Daniel Kaluuya is sensational as freedom fighter Fred Hampton in Shaka King’s insightful sophomore feature.
(This review is part of our coverage of the 2021 Sundance Film Festival.)
A new day beckons for America with the inauguration of a new administration in the White House. But amid ongoing racial tensions across the country, Hollywood continues to caution us about the history of oppression from the nation’s highest offices. In particular, filmmakers have lately taken aim at the FBI’s targeted character assassinations – and in some cases, literal assassinations – of prominent Black figures who dared to speak out against racial injustice. Indeed, early 2021 will see the release of MLK/FBI, The United States Vs. Billie Holiday and now, Shaka King‘s Judas and the Black Messiah. This engrossing period piece revisits the struggles of the 1960s Black Panther Party, as experienced by one of its ill-fated leaders Fred Hampton (Daniel Kaluuya) and the FBI informant (Lakeith Stanfield) who helped to bring him down.
The story unfolds in Chicago, where Fred Hampton presides as chairman of the Illinois Chapter of the Black Panther Party. A talented organizer, he rallies support for a socialist movement to combat the oppression of minority groups across all color lines. Though his radical views cause friction with other activist groups, support for his cause is growing, which attracts the attention of J. Edgar Hoover (Martin Sheen) and the FBI. Fearing the rise of a “Black Messiah” who will overturn the social hierarchy, the FBI makes a deal with a petty thief named William O’Neal to infiltrate the Black Panthers as an informant. Under close watch by his FBI agent, O’Neal becomes embroiled in Hampton’s inner circle as security captain. But as he learns the truth about the party’s mission, he begins to question where his loyalties really lie.
O’Neal’s journey is a fascinating one, as we meet him as a petty thief with little care for the politics of social justice, all the way through to his enlightenment as an active player for both sides of the struggle. And Stanfield is perfectly cast in the role, using his jittery energy to show O’Neal’s inner turmoil and able to change his demeanor at the drop of a hat. In fact, the entire supporting cast is compelling, notably Dominique Jackson as Hamilton’s concerned wife and an unnervingly calm Jesse Plemons as O’Neal’s handler. Meanwhile, it seems like nearly the entire makeup budget was used to transform Sheen into a monstrous version of himself to play the villainous J. Edgar Hoover.
But it’s Kaluuya’s incendiary performance as Hampton that provides the main attraction. Kaluuya completely embodies Hampton’s magnetic qualities – the captivating cadence of an evangelizing preacher, the wisdom of a teacher, and the rousing passion of an effective leader. And the insightful screenplay gives him many opportunities to shine, through several riveting rallies and meetings that demonstrate his controversial socialist ideology surrounding racial equality, including his support for armed resistance. Indeed, King never shies away from the violence inflicted by and against the Black Panthers, crafting several viscerally intense shootouts.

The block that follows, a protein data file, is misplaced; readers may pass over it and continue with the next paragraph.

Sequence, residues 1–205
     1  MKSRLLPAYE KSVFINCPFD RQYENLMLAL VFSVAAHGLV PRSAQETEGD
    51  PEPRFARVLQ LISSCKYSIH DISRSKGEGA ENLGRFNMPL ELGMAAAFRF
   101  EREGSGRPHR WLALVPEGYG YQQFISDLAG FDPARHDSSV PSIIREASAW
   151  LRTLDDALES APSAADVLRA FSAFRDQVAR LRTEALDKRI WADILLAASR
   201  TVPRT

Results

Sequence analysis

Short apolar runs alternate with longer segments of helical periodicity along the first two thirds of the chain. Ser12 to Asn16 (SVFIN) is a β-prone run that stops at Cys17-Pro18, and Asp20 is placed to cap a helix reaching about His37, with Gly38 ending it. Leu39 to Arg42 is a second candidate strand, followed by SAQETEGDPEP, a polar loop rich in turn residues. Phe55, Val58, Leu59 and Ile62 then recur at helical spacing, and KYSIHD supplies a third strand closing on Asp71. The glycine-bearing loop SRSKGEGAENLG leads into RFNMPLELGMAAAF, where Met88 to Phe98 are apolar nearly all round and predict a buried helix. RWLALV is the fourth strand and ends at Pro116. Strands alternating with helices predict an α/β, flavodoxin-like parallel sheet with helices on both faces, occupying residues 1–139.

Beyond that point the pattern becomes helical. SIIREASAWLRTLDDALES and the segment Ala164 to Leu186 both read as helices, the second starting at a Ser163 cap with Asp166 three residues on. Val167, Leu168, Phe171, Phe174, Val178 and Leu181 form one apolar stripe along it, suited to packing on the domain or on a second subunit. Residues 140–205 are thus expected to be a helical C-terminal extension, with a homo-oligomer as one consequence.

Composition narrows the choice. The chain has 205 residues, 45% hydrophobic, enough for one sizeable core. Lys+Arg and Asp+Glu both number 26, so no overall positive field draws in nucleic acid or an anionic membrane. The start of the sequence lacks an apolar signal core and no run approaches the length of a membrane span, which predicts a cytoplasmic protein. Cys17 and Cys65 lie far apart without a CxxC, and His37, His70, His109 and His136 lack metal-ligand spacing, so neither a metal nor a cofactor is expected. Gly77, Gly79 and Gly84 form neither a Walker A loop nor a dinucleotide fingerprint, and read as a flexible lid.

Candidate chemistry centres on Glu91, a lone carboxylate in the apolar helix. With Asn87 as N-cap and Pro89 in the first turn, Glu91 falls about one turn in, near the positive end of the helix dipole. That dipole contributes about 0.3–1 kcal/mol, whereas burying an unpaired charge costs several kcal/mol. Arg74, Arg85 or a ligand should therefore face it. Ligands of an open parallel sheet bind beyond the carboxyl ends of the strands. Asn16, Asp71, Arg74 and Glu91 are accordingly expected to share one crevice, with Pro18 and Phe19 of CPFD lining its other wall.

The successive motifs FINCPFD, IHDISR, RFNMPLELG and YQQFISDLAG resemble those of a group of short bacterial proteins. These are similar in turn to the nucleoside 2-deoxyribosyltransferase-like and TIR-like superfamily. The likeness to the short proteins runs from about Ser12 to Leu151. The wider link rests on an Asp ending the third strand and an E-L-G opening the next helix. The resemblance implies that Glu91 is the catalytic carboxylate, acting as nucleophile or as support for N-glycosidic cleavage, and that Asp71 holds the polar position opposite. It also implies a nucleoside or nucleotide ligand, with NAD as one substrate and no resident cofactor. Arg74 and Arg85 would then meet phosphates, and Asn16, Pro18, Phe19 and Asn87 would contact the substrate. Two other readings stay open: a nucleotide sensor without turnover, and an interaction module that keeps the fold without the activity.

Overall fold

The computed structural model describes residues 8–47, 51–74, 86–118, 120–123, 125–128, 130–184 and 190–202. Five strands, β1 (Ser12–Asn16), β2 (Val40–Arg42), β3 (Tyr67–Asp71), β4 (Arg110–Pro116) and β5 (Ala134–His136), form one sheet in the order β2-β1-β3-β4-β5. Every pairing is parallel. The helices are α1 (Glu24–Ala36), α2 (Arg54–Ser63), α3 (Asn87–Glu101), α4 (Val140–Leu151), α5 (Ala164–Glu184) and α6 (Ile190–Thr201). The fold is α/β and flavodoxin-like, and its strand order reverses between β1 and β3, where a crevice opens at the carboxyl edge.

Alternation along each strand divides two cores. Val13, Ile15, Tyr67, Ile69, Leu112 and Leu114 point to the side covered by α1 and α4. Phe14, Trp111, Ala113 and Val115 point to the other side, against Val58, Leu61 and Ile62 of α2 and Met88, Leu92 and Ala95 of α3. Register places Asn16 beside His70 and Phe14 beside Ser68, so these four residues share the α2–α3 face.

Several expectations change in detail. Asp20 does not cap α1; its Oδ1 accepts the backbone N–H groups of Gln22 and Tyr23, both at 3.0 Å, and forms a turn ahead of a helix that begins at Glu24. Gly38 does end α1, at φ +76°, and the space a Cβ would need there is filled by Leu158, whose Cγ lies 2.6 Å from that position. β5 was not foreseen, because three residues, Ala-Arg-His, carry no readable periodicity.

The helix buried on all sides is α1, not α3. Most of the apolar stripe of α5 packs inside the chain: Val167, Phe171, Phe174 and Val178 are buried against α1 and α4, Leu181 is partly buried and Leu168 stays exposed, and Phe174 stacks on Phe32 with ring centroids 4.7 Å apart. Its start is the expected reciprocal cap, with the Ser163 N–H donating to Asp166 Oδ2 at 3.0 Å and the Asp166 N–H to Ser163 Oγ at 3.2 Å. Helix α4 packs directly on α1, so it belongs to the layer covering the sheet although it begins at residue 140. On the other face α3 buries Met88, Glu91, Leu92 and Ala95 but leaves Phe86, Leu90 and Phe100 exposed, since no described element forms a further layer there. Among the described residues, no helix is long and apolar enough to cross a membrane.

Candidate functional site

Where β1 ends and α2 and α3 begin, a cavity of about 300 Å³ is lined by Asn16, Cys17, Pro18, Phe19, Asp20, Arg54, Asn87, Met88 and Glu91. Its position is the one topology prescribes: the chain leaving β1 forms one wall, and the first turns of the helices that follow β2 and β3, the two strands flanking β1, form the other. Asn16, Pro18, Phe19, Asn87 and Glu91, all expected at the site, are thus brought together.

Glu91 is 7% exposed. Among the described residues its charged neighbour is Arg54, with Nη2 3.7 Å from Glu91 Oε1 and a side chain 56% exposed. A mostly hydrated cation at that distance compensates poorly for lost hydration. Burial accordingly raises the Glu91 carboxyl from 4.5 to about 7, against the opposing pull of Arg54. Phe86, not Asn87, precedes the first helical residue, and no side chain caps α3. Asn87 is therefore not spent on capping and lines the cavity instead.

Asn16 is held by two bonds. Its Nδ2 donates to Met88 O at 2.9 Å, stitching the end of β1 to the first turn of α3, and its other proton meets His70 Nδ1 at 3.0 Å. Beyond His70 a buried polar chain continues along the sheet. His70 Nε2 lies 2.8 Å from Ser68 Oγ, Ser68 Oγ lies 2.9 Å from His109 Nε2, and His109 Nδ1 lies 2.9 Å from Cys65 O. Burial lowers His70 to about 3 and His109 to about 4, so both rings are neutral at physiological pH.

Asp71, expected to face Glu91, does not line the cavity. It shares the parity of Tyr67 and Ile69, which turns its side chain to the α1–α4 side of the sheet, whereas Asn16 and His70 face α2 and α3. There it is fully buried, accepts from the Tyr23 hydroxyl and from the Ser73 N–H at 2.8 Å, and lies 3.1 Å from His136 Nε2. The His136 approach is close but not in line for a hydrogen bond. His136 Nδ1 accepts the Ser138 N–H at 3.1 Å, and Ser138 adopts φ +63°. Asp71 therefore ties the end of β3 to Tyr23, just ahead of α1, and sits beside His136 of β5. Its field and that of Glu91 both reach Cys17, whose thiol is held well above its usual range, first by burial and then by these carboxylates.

In that regard, one of the most profound lines comes from one of the minor characters. In the aftermath of the killing of a young Black Panther named Jake, his mother laments that her son would only be remembered for his violence. She says, “He did that. But that ain’t all he did… it don’t seem fair that that’s his legacy.”
It’s these words that exemplify the complexities informing both the filmmaking and the overall message. While many may still disagree with the Panthers’ use of violence (the FBI even likens them to the KKK), Judas and the Black Messiah defiantly serves to reclaim the narrative of both Fred Hampton and the Black Panther Party. The juxtaposition of bravura action scenes with comparatively pedestrian procedural scenes is therefore effective in fully understanding the strategies used on both sides. The various dirty tactics employed by the FBI will likely leave you infuriated. And in the case of the Panthers, their community-building efforts (the breakfast program and healthcare initiatives) emerge as equally important as violent protest.
Indeed, aside from its considerable entertainment value, Judas and the Black Messiah offers a valuable primer on what the Black Panther Party stood for. As Hampton explains during a particularly divisive speech, a true revolution requires a commitment to live – and if necessary, die for the cause – rather than merely relying on often inconsequential statements like wearing a dashiki. Indeed, at a time when Marvel’s fictional Black Panther arguably promoted Pan-Africanism and Black power as a commercialized fad, Judas and the Black Messiah is a vital character study that reminds us what it truly means to be a Black Panther and a revolutionary.
Judas and the Black Messiah comes to theaters and HBO Max February 12th.